Shine shared an example of an interview process that she facilitated where the candidate had more than ten interviews scheduled. “Candidates can get very frustrated with a cumbersome interview process and drop out of the running – or they may take accept another offer,” said Shine. “Be respectful of the candidate’s time and consider streamlining the hiring process and bringing your best offer right away.”
Hiring considerations for a company in a distressed situation
Selling the benefits of working for a struggling company adds a layer of complexity to recruiting quality talent. Many times, companies in distress resort to hiring unqualified “B” or “C” candidates just to get some help with the workload.
How can you convince an “A” candidate to leave a position at a secure company to come to a company that has gone through some challenges? It’s important to always be straightforward and honest with candidates. Develop clear messaging and focus on the positives that the company has to offer now into the future (e.g., proprietary technology, work-life balance, collaborative environment, etc.), which may also include longer-term career advancement.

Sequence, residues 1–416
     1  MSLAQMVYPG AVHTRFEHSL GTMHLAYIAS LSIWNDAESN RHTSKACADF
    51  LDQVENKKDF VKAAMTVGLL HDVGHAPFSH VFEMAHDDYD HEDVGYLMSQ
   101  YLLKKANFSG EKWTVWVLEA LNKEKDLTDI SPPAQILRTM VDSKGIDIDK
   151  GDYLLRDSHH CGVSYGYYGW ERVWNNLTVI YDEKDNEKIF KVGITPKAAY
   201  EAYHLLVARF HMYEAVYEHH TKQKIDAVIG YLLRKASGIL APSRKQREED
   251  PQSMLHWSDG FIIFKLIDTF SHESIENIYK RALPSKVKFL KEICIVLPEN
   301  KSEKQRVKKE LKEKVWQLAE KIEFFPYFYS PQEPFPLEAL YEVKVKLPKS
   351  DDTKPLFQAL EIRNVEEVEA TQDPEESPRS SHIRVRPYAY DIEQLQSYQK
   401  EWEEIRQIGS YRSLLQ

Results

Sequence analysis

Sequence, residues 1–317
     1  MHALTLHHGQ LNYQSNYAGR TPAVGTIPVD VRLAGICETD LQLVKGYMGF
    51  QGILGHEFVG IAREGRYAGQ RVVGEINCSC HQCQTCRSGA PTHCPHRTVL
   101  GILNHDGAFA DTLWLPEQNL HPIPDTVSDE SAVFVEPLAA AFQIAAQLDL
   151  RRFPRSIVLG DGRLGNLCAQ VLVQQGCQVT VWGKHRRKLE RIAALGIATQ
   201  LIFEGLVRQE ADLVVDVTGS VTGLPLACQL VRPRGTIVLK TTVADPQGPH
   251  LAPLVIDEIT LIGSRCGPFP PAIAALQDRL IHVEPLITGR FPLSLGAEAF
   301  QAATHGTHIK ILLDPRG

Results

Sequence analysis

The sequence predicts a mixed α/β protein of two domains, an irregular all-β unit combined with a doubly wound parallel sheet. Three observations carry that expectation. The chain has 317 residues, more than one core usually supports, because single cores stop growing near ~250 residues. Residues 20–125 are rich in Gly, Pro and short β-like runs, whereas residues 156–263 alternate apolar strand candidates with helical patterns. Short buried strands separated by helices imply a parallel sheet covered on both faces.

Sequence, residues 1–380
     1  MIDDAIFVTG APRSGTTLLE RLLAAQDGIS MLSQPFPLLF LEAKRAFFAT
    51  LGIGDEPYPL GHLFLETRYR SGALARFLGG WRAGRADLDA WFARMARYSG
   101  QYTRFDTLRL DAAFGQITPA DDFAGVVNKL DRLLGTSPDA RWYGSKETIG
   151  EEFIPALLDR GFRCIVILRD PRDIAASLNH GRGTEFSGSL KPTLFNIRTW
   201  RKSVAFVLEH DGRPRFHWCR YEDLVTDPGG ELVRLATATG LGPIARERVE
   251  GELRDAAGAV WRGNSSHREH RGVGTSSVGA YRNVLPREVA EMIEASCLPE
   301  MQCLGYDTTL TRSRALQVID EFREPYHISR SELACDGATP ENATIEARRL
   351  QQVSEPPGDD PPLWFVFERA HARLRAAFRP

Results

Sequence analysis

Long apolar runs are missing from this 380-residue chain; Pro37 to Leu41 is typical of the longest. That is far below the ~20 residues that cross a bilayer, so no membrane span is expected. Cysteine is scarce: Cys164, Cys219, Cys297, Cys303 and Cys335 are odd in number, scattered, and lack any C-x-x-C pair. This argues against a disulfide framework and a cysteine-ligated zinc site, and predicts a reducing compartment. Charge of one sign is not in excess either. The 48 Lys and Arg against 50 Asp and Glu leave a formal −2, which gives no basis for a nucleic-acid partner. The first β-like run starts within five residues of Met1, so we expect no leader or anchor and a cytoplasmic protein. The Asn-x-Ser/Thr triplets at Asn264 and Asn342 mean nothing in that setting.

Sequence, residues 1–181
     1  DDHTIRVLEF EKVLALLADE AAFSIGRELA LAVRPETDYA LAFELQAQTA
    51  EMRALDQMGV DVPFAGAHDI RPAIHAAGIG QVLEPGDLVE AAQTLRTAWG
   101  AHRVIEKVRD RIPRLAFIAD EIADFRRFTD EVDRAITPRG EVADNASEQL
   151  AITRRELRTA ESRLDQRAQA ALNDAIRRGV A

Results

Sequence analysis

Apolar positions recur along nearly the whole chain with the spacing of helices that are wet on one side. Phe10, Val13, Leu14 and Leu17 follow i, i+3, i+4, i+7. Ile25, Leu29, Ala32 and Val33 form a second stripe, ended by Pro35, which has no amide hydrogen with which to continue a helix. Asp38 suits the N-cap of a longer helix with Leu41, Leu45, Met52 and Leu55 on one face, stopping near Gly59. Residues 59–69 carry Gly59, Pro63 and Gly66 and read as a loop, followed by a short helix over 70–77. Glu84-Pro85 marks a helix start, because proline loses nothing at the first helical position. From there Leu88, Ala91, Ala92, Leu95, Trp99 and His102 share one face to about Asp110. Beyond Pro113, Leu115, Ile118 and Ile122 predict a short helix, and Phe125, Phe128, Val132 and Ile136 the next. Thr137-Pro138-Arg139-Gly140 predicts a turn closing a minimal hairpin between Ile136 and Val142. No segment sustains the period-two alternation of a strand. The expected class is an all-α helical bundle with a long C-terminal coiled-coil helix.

I once had a client ask me to hide the financial condition of the company from a candidate, but I advised against this. Whether communicating with candidates or existing employees, honesty and transparency about the situation are paramount. You don’t have to share every single negative data point, but don’t misrepresent the business situation. I’ve learned that employees can make their own decision to leave or stay and work through the problems. In fact, employees are often empowered to remain in their position, and comradery is built between employees as they work together during tough times.